Date Thesis Awarded
Honors Thesis -- Access Restricted On-Campus Only
Bachelors of Arts (BA)
There appears to be two types of creative processes reported by writers – one that is effortless and one that is effortful. Evidence suggests that an unconscious mechanism may underlie the passivity of inspired writing. We tested the hypothesis that activation of implicit motives is linked to inspired writing. A sample of college students (n = 206) attended lab sessions in which they wrote a “blog entry” on the meaning of life, and reported the extent to which they felt inspired or exerted effort. Participants’ implicit motives were measured using the Picture Story Exercise. Multiple regression analysis shows that inspiration predicts writing about topics consistent with implicit motives, and effort predicts writing about topics inconsistent with implicit motives. Implications of implicit motives on inspired and effortful writings are discussed.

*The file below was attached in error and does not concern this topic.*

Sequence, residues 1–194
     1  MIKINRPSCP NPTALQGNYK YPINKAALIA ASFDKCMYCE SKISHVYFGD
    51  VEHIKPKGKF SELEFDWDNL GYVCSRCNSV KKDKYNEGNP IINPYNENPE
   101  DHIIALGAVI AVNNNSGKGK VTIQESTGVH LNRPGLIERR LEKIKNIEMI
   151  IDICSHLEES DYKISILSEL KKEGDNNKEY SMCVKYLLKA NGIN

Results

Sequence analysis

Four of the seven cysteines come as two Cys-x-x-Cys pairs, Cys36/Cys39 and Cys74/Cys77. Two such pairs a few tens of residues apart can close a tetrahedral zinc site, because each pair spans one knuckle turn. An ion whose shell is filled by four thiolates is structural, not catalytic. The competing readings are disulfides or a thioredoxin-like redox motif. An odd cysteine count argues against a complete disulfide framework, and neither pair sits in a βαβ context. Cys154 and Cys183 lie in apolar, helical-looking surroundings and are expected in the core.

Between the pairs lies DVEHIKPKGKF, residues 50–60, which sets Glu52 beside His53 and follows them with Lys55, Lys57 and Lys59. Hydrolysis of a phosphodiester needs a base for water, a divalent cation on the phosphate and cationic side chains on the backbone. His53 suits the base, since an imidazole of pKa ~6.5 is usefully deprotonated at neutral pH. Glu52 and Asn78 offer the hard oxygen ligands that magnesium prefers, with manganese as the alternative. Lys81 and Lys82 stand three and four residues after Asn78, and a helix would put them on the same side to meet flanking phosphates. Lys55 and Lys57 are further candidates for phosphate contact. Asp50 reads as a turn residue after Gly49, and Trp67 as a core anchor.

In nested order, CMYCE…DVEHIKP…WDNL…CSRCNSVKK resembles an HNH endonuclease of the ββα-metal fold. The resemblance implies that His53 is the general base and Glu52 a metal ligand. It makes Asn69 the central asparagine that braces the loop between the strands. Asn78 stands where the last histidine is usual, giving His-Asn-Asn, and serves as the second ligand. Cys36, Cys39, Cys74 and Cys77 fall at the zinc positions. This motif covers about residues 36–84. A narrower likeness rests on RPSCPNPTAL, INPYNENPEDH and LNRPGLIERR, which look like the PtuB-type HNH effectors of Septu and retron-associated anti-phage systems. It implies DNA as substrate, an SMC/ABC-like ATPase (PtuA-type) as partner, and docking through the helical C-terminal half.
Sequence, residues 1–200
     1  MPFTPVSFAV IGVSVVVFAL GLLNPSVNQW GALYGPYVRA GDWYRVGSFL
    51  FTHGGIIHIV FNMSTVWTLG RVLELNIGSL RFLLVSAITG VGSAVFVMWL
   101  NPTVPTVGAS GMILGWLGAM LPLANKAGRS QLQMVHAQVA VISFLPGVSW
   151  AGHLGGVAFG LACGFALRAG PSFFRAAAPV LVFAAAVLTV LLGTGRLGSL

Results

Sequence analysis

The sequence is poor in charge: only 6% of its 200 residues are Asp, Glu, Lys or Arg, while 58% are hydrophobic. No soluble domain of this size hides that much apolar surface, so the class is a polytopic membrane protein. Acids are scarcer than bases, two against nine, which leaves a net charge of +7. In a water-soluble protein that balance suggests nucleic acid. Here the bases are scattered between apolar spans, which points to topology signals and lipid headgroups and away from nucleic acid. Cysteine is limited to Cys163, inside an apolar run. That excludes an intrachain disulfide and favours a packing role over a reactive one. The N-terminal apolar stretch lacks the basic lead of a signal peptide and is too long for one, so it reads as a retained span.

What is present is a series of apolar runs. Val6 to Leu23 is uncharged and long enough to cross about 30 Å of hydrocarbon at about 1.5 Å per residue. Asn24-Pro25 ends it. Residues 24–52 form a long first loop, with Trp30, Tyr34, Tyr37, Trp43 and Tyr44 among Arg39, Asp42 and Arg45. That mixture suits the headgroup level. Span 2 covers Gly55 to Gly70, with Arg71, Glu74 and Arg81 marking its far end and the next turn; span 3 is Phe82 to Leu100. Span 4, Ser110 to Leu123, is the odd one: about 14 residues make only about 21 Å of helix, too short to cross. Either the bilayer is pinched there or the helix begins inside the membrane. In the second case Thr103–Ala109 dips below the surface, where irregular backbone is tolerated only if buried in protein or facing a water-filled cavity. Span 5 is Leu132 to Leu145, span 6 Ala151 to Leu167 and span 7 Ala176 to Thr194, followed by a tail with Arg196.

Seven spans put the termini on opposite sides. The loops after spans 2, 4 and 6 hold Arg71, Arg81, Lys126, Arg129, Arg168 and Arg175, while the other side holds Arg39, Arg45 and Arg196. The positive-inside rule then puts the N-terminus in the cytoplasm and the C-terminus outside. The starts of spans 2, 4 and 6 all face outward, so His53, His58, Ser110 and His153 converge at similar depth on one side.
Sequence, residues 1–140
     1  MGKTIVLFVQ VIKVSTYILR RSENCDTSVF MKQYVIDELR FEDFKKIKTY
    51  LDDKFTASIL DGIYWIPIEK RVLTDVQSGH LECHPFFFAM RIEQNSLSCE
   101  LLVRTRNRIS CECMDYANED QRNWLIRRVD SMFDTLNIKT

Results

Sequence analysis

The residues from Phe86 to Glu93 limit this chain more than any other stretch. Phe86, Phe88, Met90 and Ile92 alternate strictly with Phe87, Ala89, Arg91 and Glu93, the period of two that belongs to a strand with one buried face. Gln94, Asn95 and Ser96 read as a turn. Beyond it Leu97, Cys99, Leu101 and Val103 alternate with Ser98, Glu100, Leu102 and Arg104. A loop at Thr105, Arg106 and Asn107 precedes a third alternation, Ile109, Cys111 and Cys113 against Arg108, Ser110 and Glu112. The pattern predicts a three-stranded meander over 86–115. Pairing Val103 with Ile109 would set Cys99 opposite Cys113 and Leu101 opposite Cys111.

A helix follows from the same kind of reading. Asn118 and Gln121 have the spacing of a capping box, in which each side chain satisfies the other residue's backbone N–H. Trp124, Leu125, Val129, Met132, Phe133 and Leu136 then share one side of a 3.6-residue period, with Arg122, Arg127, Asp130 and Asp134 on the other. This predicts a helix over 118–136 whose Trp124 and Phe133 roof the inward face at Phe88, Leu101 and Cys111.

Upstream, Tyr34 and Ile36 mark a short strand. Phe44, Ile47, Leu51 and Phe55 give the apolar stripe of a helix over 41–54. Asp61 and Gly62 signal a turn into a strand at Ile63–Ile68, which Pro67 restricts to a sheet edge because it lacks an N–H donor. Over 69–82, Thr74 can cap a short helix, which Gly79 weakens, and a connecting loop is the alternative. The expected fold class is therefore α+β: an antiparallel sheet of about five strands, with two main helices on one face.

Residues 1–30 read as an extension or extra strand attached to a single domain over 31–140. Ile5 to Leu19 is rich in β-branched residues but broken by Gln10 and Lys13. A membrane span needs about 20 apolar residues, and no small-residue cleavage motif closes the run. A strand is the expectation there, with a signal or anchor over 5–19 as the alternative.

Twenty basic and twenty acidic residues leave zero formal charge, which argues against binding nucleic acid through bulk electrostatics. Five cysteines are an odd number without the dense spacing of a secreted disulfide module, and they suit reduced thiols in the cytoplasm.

Wan, Xiaoqing, "A Flash of Creative Genius: The Effect of Implicit Motives on Inspiration" (2018). Undergraduate Honors Theses. William & Mary. Paper 1217.
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